The basic problem is this: Because most small theaters don't serve food (cooked on the premises), the only way to legally serve alcohol at the venue is to ban minors from the premises. (You can download a PDF of all California alcohol license types here) The other annoying thing is that each of these cost $476.00.

Now, if you want to get super specific, what actually needs to be changed, modified, or needs some kind of local exemption added to it, is Section 23038.1 of the ABC Act.

Basically we need to redefine what the government considers a "theater" and remove the clause which stipulates theaters must have a "bona fide eating place" which serves food at least %25 of the year.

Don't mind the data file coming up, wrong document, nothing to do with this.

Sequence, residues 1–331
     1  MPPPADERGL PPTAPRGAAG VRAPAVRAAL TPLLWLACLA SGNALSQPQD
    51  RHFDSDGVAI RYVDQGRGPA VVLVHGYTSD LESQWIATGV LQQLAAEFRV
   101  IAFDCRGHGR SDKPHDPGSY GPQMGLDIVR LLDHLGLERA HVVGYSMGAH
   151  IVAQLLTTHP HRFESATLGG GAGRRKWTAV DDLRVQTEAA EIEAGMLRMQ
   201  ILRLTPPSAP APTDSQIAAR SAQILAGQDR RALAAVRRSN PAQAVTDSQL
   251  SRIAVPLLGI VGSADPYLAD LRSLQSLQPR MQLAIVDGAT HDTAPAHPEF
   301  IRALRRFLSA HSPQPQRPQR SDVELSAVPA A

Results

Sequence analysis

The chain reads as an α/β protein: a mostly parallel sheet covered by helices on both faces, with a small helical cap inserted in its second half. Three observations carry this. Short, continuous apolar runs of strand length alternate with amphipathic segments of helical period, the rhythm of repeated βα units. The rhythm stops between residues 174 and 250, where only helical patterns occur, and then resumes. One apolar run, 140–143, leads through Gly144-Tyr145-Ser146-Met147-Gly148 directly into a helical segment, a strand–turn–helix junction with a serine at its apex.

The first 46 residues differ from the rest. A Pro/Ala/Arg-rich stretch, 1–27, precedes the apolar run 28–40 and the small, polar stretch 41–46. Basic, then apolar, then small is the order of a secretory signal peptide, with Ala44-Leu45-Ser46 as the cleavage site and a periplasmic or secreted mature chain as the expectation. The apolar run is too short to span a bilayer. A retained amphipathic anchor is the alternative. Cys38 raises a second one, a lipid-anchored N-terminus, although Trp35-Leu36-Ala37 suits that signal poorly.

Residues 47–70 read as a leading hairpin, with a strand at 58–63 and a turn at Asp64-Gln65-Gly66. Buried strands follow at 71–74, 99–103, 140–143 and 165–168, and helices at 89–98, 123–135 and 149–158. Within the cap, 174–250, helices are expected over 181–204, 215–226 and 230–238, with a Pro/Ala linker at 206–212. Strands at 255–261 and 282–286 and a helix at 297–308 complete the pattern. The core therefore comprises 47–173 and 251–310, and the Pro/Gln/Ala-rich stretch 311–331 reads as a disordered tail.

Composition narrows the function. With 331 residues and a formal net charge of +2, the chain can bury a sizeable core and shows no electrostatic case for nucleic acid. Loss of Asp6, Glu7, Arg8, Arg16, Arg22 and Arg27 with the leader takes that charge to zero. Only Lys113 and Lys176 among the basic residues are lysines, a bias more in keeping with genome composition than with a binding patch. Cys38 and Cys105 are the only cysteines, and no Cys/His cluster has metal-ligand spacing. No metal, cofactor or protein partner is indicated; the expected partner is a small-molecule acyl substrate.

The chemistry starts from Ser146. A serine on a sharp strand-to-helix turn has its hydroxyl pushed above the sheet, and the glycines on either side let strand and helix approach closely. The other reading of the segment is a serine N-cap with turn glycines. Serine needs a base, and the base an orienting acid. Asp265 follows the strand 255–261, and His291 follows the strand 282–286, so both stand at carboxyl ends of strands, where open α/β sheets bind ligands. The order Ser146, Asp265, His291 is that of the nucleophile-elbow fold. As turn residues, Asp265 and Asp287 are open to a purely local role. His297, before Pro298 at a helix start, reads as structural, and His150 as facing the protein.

The big question is, and one that was posed by Matthew Quinn in his comments above, would TBA be willing to help modify the law for the betterment of small theaters? And if not, do we, collectively (meaning the small theater operators), have the drive and follow through to do it ourselves?

To be totally honest, and this is where an organization like TBA would be a big help, I am really not sure what to do next or who to talk to about this. Do we go straight to ABC and start asking questions? Do we need a lawyer? Do we have to convince a member of the SF Board of Supervisors to support us and put the issue to vote at a Board meeting? Again, I don't know, but a group with the clout, connections and resources of TBA leading the charge would go a long way to solving this problem.

Monday, August 10, 2009

TBA's Sabrina Lazarus Wants To Ban Alcohol In Theaters - I Don't